But the salient point regarding the Syrian civil war is that the U.S. loses regardless whether the Alawite-IRGC-Hezbollah-Iraqi Shi’ite militia coalition or the Muslim Brotherhood/al-Qaeda Sunni coalition wins. It is an inevitable international misfortune for the U.S. and West that either the Sunnis or Shi’ites will one day be victorious in Syria, but the U.S. doesn’t have to spend blood or treasure to assist any Muslim sect to achieve its conquest goal. Neither Islamic sect, Sunni or Shi’a, has long-range, international interests that coincide with those of the U.S.  There is at least one media report that the U.S. is clandestinely aiding the Muslim Brotherhood/al-Qaeda Sunni coalition in Syria by arming them with heavy caliber weaponry, supplying more than $50 million, and recruiting Sunni jihadists for them in Libya, then shipping them into Syria via Turkey! Such aid to the Sunni jihadists is foolish in the extreme!  After squandering American lives and taxpayer money for more than three decades in Egypt, Lebanon, Bosnia, Kosovo, Kuwait, Somalia, Iraq, Afghanistan, and Libya aiding Muslims, with no discernible reciprocity, U.S. politicians should understand that there is nothing to be gained intervening in Syria.

Tom_Snodgrass_RSNCol. Thomas Snodgrass, USAF (retired), was an Intelligence Officer and an International Politico-Military Affairs Officer serving in seven foreign countries during a thirty-year military career.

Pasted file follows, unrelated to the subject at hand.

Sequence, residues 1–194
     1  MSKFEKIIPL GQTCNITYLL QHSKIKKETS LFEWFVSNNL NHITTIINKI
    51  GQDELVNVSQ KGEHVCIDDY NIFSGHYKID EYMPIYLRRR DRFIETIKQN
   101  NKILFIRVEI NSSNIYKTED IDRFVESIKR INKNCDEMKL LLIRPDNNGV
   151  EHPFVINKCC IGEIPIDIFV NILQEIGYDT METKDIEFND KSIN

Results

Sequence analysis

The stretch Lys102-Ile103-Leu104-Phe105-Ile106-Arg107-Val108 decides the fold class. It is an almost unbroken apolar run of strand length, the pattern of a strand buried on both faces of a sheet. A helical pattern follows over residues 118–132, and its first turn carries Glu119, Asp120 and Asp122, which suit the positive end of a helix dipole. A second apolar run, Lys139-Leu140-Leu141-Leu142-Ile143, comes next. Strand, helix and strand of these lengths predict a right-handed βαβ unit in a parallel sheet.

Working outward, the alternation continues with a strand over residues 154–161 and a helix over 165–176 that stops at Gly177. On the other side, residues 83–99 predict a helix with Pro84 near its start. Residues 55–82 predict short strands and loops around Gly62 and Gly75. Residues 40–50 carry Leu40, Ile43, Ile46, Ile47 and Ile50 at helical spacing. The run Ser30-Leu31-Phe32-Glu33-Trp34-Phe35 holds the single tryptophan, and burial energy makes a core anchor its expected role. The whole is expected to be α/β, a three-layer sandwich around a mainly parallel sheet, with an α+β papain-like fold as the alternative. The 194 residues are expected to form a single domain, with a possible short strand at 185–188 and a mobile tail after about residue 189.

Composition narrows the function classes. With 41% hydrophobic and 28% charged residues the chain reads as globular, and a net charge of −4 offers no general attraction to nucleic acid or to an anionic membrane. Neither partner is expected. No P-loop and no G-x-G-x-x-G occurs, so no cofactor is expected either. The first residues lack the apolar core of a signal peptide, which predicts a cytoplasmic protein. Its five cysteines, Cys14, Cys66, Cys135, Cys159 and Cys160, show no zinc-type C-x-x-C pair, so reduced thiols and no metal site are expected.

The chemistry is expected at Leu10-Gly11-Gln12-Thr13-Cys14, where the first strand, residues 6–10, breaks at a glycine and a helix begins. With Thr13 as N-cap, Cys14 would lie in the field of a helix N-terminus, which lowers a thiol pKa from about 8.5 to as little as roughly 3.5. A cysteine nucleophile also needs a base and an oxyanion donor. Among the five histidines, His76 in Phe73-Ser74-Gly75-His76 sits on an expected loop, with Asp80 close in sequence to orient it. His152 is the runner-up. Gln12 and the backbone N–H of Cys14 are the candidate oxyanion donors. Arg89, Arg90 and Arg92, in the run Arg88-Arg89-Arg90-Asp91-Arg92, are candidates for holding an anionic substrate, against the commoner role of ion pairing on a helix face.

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Col. Thomas Snodgrass, USAF (retired) served over a year in Peshawar, Pakistan, working with Pakistani military intelligence. During his year in Vietnam he daily scheduled 130 U.S. Army and Air Force intelligence collection aircraft. In his final overseas tour he was the U.S. Air Attaché behind the Iron Curtain in Warsaw, Poland. In total, Col. Snodgrass was variously an Intelligence Officer or an International Politico-Military Affairs Officer (military diplomat) serving duty tours in seven foreign countries, as well as teaching military history and strategy at the Air War College, US Air Force Academy, and USAF Special Operations School during a thirty-year military career. Additionally, he was awarded an Air Force scholarship to get a history master’s degree in revolutionary insurgent warfare at the University of Texas, as well as being granted a year’s educational sabbatical to teach and to write about international relations as an Air Force Research Associate in the graduate school at the Center for Advanced International Studies, University of Miami, Florida. Following the Air Force, Col. Snodgrass was an adjunct professor of military history for ten years at Embry-Riddle Aeronautical University, Arizona.